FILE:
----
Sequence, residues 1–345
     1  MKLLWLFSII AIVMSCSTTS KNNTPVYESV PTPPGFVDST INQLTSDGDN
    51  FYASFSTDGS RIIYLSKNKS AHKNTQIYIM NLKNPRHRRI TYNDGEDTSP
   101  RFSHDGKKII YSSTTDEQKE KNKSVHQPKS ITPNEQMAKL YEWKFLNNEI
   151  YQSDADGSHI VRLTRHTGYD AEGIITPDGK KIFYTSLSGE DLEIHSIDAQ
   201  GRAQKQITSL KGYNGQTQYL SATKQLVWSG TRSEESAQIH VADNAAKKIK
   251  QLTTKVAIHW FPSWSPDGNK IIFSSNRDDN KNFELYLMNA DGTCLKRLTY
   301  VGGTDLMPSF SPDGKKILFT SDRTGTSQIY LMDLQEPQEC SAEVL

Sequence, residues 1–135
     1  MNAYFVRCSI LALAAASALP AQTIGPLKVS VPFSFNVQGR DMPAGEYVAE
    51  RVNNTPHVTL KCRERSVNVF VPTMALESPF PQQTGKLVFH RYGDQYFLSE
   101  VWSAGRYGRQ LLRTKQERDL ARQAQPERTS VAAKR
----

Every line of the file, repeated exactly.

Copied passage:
Sequence, residues 1–345
     1  MKLLWLFSII AIVMSCSTTS KNNTPVYESV PTPPGFVDST INQLTSDGDN
    51  FYASFSTDGS RIIYLSKNKS AHKNTQIYIM NLKNPRHRRI TYNDGEDTSP
   101  RFSHDGKKII YSSTTDEQKE KNKSVHQPKS ITPNEQMAKL YEWKFLNNEI
   151  YQSDADGSHI VRLTRHTGYD AEGIITPDGK KIFYTSLSGE DLEIHSIDAQ
   201  GRAQKQITSL KGYNGQTQYL SATKQLVWSG TRSEESAQIH VADNAAKKIK
   251  QLTTKVAIHW FPSWSPDGNK IIFSSNRDDN KNFELYLMNA DGTCLKRLTY
   301  VGGTDLMPSF SPDGKKILFT SDRTGTSQIY LMDLQEPQEC SAEVL

Sequence, residues 1–135
     1  MNAYFVRCSI LALAAASALP AQTIGPLKVS VPFSFNVQGR DMPAGEYVAE
    51  RVNNTPHVTL KCRERSVNVF VPTMALESPF PQQTGKLVFH RYGDQYFLSE
   101  VWSAGRYGRQ LLRTKQERDL ARQAQPERTS VAAKR